Construction of type-safe paths
You can use the construction functions as follows:
f :: Path.RelFile f = relDir "tmp" </> relFile "someFile" <.> "ext"
f :: Path.RelFile f = dirPath "tmp" </> filePath "someFile" <.> "ext"
f :: Path.RelFile f = path "tmp" </> path "someFile" <.> "ext"
or just …
f :: Path.RelFile f = relFile "tmp/someFile.ext"
The first and the last implementations force the most specific types and thus should be prefered.
Overloaded string literals are no longer supported, since this extension is intended for alternative text storage types. It would also decrease the type safety if you could omit the path type and let the compiler guess its type.
You will typically want to import as follows:
import qualified System.Path.Directory as Dir import qualified System.Path.IO as PathIO import qualified System.Path as Path import System.Path ((</>))
System.Path.Generic provides all functions with the OS as type parameter.
offers only path constructors and destructors
fixed to the corresponding operating system.
System.Path exports either
depending on the host system
and additionally the manipulation functions from
This mix should be appropriate for the average use
and should free the user from writing type annotations.
How to choose proper type arguments
ar and the
fd type parameters have quite different meaning.
Rel refer to a property of the path,
whereas the type
Dir refers to a property of a disk object.
You can decide whether a path is absolute or relative
by just watching (the beginning of) the path string.
In contrast to that, you have to access the disk
in order to check the existence and type of an disk object.
Even more, the disk object might change at any time,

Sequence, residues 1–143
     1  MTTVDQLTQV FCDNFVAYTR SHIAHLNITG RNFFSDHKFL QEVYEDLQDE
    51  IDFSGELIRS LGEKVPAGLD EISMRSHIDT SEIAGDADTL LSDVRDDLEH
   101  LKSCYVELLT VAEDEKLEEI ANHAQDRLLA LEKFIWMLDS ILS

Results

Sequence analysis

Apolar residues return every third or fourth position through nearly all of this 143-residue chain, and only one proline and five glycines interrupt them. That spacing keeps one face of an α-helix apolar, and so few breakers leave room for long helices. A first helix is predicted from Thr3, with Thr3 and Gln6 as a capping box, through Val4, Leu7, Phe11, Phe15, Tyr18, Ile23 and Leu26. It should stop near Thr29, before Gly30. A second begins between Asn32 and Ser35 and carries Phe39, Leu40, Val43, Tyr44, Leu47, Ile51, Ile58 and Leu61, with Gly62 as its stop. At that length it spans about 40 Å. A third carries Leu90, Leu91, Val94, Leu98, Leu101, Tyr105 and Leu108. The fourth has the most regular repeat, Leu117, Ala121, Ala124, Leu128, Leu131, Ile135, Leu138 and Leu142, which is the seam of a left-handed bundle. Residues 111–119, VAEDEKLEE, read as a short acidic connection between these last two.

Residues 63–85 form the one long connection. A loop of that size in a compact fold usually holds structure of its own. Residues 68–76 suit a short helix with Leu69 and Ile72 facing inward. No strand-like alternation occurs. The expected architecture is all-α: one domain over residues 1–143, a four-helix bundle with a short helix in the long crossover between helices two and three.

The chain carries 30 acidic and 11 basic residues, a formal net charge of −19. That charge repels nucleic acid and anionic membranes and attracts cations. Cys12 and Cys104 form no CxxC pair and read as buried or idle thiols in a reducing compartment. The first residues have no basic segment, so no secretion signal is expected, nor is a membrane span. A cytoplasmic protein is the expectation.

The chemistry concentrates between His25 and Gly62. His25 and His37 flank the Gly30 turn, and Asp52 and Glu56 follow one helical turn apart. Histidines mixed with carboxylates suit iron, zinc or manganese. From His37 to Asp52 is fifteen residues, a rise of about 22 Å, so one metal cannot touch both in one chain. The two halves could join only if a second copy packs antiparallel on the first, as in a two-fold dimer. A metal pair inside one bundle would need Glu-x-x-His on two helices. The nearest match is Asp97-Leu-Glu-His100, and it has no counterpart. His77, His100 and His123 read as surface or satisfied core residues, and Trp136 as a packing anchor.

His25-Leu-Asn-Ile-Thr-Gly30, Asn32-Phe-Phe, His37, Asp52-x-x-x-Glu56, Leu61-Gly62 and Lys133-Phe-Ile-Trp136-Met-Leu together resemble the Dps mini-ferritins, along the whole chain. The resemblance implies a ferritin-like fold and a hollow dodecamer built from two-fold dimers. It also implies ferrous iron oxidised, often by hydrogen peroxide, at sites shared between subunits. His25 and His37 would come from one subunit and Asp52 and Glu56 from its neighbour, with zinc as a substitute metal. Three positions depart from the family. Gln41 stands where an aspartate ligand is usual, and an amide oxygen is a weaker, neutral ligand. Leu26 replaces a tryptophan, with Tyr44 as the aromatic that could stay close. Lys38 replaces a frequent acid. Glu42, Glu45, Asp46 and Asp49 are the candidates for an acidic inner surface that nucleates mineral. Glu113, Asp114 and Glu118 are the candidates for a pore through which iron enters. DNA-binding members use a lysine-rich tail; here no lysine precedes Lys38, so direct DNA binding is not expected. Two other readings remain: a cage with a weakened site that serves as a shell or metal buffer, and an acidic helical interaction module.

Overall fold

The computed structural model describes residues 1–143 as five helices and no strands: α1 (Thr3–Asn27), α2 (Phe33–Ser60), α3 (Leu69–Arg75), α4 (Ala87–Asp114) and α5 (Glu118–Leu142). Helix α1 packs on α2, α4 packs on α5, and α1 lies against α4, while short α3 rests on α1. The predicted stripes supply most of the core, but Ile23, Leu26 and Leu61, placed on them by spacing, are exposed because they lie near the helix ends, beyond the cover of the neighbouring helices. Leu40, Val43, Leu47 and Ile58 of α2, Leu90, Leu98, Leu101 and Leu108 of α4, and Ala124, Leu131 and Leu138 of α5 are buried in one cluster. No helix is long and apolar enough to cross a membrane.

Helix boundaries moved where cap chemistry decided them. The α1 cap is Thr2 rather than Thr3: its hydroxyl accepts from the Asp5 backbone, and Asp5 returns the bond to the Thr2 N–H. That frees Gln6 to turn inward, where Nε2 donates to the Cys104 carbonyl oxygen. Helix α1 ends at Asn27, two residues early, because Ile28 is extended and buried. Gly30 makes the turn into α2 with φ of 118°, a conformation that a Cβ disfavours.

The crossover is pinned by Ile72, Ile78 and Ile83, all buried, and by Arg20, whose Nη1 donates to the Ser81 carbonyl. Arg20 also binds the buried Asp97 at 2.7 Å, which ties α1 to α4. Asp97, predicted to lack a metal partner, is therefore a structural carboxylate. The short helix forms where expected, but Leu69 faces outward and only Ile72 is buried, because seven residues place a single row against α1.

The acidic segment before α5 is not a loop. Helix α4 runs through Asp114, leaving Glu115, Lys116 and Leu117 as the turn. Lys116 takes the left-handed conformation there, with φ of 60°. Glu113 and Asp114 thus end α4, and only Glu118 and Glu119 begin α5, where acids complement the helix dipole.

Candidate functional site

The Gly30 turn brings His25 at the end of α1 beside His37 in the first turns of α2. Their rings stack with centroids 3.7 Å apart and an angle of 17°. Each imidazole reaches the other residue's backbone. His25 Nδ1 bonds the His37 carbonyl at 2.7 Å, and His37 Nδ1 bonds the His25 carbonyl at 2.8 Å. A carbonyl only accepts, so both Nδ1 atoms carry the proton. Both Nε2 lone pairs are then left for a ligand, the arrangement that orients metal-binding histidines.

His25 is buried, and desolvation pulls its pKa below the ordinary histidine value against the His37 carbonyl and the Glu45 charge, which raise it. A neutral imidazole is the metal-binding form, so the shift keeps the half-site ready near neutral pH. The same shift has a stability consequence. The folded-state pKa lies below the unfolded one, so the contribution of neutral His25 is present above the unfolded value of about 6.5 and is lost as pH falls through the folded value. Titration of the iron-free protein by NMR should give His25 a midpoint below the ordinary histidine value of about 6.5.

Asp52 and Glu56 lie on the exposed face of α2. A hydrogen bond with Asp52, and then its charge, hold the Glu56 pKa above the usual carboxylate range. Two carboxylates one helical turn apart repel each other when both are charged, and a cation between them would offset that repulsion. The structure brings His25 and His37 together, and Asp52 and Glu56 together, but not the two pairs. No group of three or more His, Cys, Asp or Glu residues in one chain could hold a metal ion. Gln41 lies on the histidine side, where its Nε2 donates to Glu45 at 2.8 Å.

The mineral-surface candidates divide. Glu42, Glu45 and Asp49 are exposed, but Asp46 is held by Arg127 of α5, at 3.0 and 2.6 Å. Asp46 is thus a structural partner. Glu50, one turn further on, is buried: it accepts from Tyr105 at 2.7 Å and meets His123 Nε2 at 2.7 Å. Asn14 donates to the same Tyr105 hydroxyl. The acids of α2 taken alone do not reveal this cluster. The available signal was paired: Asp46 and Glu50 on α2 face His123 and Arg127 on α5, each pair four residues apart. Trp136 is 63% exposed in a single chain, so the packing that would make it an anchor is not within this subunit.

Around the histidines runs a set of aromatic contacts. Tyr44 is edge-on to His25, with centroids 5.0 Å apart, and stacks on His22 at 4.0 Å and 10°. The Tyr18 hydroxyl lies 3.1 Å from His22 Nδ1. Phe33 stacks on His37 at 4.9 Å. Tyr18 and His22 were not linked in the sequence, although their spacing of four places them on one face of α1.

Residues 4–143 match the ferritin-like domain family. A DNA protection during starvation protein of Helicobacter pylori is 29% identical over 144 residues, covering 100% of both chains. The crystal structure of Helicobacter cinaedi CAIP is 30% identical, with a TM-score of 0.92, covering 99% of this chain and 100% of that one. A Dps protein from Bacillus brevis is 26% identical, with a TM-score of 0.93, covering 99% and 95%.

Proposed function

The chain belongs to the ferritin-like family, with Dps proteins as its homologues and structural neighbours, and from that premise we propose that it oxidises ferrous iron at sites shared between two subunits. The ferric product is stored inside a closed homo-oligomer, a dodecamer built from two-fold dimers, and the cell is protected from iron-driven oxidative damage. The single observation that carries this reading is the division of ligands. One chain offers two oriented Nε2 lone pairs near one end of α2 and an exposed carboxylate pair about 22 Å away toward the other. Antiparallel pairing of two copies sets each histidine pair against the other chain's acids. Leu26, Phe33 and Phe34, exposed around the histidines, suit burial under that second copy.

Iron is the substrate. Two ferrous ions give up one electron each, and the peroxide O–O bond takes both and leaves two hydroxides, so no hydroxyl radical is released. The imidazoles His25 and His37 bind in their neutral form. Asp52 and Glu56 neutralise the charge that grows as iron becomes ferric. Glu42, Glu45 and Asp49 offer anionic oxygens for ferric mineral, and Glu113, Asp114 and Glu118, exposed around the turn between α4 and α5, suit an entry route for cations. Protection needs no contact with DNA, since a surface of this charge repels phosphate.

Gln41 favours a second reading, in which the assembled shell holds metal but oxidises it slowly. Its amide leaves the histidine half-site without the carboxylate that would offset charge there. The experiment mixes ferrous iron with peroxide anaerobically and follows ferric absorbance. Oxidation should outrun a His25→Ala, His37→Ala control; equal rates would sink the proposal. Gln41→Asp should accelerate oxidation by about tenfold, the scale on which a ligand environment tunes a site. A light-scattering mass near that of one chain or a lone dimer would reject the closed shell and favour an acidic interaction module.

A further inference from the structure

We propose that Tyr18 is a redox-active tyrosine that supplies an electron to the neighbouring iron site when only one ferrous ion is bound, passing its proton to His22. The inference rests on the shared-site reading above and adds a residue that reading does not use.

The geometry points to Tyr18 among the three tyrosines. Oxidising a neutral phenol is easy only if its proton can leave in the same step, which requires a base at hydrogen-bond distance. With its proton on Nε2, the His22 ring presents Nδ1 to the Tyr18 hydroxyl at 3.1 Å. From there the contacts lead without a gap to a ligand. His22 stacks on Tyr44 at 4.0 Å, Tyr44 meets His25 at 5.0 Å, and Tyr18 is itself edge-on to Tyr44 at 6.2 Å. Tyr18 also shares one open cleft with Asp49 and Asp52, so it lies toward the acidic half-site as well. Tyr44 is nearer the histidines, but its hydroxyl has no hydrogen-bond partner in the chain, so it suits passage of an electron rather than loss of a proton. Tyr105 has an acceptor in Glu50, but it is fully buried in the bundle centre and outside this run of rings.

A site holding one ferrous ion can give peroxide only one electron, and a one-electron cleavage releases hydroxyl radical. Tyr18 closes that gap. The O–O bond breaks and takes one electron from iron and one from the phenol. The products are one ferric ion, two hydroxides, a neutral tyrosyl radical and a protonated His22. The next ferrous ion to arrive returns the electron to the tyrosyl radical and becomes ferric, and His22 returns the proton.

e.g. the user might delete a file and create a directory of the same name,
or the disk object might not exist,
and the purpose of the path is to create an according file or directory.
That’s why even if you have a path of type
every function accessing the file must check
that the refered object exists and is a file.
Conversely, there is not much sense in checking the disk object type
and then chosing the path accordingly.
Instead, you must choose the path type according
to what type of disk object your application needs.
The reality check must be performed
and is performed by the standard functions
for every access to the object.
If an disk object is not of the type required by the path type
then this is a runtime exception that must be handled at runtime
but it is not a programming error.
Sometimes you have to change the type of a path
as an intermediate step to construct a path for an object of different type.
E.g. you may convert the path “pkg” from
because in the next step you like to extend it to “pkg.tar.gz”.
This is valid use of the
E.g. the function
FilePath “pkg.tar.gz” to the new
although no-one expects that there is or will be a file with name “pkg”.
Thus, if a function has a
then there is no warranty that it accesses the according file
and does not touch related disk objects.
It may well be that the function derives other file and directory names
from the path and accesses them.
That is, a
is mainly for documentation purposes
but it cannot prevent you seriously from any damage.
How to cope with user input
You may get a path from the user, e.g. as command-line argument.
It might be either absolute or relative
and it might refer to an actual file or directory or
to something yet non-existing.
In most cases it will not be important
whether the path is absolute or relative,
thus you should choose the
AbsRel type parameter.
If somewhere in the program an
Abs path is needed
then you can assert that the path is actually absolutized somewhere
If you prevent usage of
then you avoid to absolutize a path that is already absolutized.
The choice of the
fd type parameter follows a different reasoning:
Often you have a clear idea of
whether the user must pass a file or directory path.
The rule is: Just give the path the type you expect
but do not perform any checking
(unless you want to warn the user earlier about imminent danger).